While some trust nothing else but cash, others view even the smallest amount as inefficient. Although it’s a necessity in our daily lives and the first building block of every portfolio, cash is not as simple as it seems.
With interest rates and bank fixed deposits rates at a record low, there is an increase in interest and demand for higher yield alternatives. There are many short term instruments to store cash—savings accounts, fixed deposits, fixed institutional deposits, money market funds, and short duration bond funds. Hear from the experts in this live webinar to understand how best to use these funds for your cash needs.
0:00 Introduction to Endowus
14:46 Introduction to UOB Asset Management
17:55 Introduction to Lion Global Investors
23:35 Introduction to Fullerton Fund Management
29:02 Is Cash King, or is Cash Trash?
26:34 Shifts in Cash Management Markets - how demand have changed relative to bank deposits
43:35 Managing cash funds professionally and fund performance
56:34 QnA from Slido
57:45 Are there enough low-risk, high yield bonds to be invested in?
1:11:24 Where are interest rates headed?
1:16:33 Cryptocurrency vs Cash, King or Trash?
Excerpts from the Webinar:
Is Cash King, or is Cash Trash? (29:02)
Darren: Cash is definitely not trash. Depending on context, cash can be king. It depends on how we make use of cash. Cash is a form of capital preservation, a medium of short-term liquidity. From an investment perspective, cash was king in 2018, but that is not the case today. Cash can also be viewed as a safety net, alongside the idea of capital preservation. This is pertinent during the pandemic, where cash is needed.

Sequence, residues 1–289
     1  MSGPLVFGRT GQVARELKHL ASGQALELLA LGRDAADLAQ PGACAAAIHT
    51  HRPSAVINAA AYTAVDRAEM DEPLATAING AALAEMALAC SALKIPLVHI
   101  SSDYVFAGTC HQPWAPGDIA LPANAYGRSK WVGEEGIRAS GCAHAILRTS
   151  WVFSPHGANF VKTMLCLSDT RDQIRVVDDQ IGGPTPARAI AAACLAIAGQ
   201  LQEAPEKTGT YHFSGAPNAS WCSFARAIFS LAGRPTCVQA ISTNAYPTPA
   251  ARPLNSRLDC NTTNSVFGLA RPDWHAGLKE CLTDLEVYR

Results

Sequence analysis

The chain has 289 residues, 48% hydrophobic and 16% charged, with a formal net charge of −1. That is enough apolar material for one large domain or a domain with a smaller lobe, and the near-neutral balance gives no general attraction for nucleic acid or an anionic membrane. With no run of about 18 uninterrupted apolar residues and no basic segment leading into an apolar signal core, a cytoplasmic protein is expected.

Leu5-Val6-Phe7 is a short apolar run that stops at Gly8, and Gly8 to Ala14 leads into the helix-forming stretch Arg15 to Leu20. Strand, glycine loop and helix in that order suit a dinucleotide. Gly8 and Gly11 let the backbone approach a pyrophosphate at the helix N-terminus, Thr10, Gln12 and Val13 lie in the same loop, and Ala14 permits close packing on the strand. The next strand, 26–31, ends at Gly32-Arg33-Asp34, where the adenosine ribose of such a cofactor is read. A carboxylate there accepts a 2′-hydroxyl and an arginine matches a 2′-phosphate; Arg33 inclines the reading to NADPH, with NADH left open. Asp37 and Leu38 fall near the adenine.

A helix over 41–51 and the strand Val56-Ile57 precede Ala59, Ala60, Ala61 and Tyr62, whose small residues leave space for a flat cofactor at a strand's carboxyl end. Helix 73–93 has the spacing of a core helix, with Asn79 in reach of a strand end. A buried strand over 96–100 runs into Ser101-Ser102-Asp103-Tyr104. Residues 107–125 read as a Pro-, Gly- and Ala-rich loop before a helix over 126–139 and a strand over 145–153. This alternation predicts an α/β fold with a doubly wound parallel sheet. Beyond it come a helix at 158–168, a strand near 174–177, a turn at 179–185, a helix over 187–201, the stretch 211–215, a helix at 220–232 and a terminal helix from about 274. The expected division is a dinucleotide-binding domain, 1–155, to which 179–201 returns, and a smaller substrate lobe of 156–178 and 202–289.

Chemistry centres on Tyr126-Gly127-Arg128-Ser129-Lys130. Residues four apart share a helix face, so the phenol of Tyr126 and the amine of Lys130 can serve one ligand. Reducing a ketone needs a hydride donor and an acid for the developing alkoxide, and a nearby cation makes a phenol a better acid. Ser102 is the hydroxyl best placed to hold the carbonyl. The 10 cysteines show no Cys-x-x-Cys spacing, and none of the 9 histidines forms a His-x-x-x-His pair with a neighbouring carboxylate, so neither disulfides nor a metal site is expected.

Are there enough low-risk, high yield bonds to be invested in? (57:38)
Jessica: It is indeed challenging to find the right bonds to add to portfolio. Maintaining the credit quality of the portfolio name while ensuring good yield, is difficult hard but not impossible. We have to comb the market and be fast with our investment decisions. We also have to look at markets of different currency as well and hedge it back to SGD.
Joyce: The bond market is huge, as a fund manager the ability to cherry pick our yield is important for us. We try to be more creative in the process. We want to make sure that we have a close relationship with the bond issuers so that they will approach us when they have any new issuance.
While recent deals have tighter spreads, we also seize on opportunities in the secondary markets where counterparties who are in need of liquidity will approach us and we can bargain for better rates.
Sam: Where are interest rates headed? (1:11:24)
Darren: Globally, the US, Europe and China are doing well, stable and recovering gradually. Looking at data points, Singapore may look like we’re on the negative side. However, these numbers are stabilising and the economy is recovering. Interventions from the government such as the 100 billion put into the economy, the cheap loan banks are getting also aids in loans to SMEs. Together, inflation starts to have an uptake and interest rates will start to uptake gradually too.
Jessica: Over the short term, the recovery can maybe bumpy, as central banks like to err on the side of caution. However, it should be a gradual recovery in the long run.
Cryptocurrency vs Cash, King or Trash? (1:16:33)
Darren: It is an interesting new asset class and there is more acceptance by a broader audience. More people seem to be buying them and celebrities are buying in it. However, more regulation will be necessary for it to be used as an product. Instead of a mode of exchange, cryptocurrency is becoming more like an asset class on its own.